consumer behavior, fedex, IMC, ups, USPS
In the past, delivery services such as FedEx and UPS, and even the U.S. Postal Service (USPS), earned most of their revenue from business customers. These sellers relied on them to deliver packages to their customers, and a gap of five to seven days, between an order and the actual delivery date, was generally accepted and even expected. But no more. Today, the main market for delivery services is consumers, and they have some new and powerful demands that require totally different standards.
In particular, consumers today expect to receive the products that they order online within just a couple of days, at most. The expectation has been reinforced by online retailers’ efforts to compete by ensuring quicker and more convenient delivery (we’re looking at you, Amazon). But providing that added value means that the retailers lean on the delivery services to improve what they offer, so that they can enhance their own offers.
For FedEx, UPS, and the USPS, the competition to offer the best logistics thus is intense and constantly increasing. Local delivery services, even if not conventionally focused on package deliveries, are seeking access to this market too. For example, Uber and Postmates reportedly are looking into how they can leverage their local drivers to get packages from central distribution centers to customers’ doorsteps—the famous and notoriously inefficient “last mile” in any delivery system.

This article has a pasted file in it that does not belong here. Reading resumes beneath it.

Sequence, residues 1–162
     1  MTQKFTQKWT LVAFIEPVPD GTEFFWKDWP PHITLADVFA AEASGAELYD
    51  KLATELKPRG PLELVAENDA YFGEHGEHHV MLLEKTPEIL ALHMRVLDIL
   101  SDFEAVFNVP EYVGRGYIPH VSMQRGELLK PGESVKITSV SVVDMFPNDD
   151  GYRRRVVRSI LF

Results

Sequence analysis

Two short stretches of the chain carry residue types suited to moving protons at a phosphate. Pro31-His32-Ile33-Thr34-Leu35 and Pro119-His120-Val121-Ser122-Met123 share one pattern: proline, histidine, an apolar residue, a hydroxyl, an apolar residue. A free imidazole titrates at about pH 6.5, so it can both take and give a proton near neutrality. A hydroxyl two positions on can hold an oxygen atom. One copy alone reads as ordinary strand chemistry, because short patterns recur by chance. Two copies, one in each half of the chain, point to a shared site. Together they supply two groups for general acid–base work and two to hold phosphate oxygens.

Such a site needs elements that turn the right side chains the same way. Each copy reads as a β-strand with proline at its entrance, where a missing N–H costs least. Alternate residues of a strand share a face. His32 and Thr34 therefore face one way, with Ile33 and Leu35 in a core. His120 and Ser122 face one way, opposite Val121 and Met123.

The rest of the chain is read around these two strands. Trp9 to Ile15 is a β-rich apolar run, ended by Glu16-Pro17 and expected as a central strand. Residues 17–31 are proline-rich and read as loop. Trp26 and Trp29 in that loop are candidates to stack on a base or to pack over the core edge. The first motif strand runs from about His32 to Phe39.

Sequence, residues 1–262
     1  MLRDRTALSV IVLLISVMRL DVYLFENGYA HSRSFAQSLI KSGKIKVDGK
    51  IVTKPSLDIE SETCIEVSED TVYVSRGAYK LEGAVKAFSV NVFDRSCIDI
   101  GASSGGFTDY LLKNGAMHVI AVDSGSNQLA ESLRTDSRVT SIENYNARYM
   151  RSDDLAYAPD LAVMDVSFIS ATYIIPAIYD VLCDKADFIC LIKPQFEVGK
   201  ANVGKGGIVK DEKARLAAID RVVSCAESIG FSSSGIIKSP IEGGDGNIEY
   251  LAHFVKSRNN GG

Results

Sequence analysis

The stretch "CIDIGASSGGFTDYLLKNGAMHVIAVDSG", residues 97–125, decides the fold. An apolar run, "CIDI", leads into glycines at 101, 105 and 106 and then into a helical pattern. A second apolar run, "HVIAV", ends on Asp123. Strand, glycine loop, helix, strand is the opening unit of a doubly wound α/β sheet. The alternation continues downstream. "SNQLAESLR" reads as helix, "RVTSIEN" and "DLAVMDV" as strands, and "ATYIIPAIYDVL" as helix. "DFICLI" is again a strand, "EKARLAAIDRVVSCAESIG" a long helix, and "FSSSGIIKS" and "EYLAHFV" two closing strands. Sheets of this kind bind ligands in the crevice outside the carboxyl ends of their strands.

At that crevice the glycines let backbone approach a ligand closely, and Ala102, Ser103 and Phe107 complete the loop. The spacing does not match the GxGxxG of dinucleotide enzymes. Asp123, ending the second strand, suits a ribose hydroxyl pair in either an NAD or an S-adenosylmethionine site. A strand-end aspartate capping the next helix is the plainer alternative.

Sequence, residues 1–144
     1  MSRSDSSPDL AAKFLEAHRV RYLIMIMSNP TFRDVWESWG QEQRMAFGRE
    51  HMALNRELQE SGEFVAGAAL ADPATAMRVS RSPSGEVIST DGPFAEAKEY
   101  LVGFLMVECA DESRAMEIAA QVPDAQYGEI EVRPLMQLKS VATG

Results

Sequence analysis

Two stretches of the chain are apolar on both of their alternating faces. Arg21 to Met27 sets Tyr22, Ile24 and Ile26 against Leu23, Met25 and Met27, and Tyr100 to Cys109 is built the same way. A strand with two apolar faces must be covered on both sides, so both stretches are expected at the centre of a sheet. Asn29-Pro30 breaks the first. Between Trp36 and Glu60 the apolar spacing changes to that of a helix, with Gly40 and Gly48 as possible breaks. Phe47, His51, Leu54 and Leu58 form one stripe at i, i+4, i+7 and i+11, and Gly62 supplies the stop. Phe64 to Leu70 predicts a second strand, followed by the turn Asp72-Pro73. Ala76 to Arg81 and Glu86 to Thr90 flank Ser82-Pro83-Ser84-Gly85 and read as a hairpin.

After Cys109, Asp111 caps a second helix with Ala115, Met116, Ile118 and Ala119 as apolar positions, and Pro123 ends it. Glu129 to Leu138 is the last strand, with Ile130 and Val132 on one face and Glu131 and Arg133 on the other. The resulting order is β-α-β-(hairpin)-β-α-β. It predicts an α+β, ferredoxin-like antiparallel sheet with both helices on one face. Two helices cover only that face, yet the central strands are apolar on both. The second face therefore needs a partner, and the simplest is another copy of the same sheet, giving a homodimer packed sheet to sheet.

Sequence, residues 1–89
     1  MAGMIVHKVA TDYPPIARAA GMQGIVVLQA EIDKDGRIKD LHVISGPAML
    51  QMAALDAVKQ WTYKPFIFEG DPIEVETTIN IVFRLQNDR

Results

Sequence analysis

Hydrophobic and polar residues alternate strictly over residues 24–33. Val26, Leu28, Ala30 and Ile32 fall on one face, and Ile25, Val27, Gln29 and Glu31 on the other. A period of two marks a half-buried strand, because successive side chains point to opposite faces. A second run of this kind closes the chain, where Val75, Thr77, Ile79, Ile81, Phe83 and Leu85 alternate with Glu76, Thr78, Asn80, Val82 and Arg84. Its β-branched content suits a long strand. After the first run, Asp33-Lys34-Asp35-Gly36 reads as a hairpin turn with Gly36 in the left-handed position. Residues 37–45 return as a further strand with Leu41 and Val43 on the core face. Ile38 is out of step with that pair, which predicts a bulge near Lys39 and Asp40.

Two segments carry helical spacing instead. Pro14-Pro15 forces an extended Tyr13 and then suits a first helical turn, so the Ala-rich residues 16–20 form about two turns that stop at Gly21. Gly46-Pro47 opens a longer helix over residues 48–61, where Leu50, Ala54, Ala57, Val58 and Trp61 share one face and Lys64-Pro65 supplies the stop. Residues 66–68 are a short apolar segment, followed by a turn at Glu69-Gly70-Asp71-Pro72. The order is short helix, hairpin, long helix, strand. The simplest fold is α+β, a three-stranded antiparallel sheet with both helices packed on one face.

In response, the traditional delivery names have sought to expand their services, including reverse logistics, and then to emphasize those broader capabilities in their marketing communication. For UPS, the introduction of Access Points gives consumers an alternative location where can collect delivered packages (which may help them avoid the risk or theft if they are not home to receive them), as well as accept packages they are shipping back to the retailer for return. For FedEx, which notes that e-commerce–related deliveries account for 20 percent of its sales, marketing communications focus heavily on how it can customize its services to meet people’s needs, as well as the vast scope that its existing logistics network provides. At the USPS, services have expanded, such that it makes deliveries seven days per week, rather than limiting its provision to five business days.
Such offers become especially crucial during holiday seasons, when consumers are buying and sending gifts around the world. But even when they seek to purchase delivery services that cover the globe, the essential factor is still the last mile, because if it isn’t in the ultimate customer’s hands on the date promised, the service has failed.
- How have the customers soliciting delivery services changed?
- How have the different service providers in the delivery market responded to these changes?
Source: Zach Schonbrun, “Reminding E-Commerce Customers Who Delivers,” The New York Times, December 10, 2017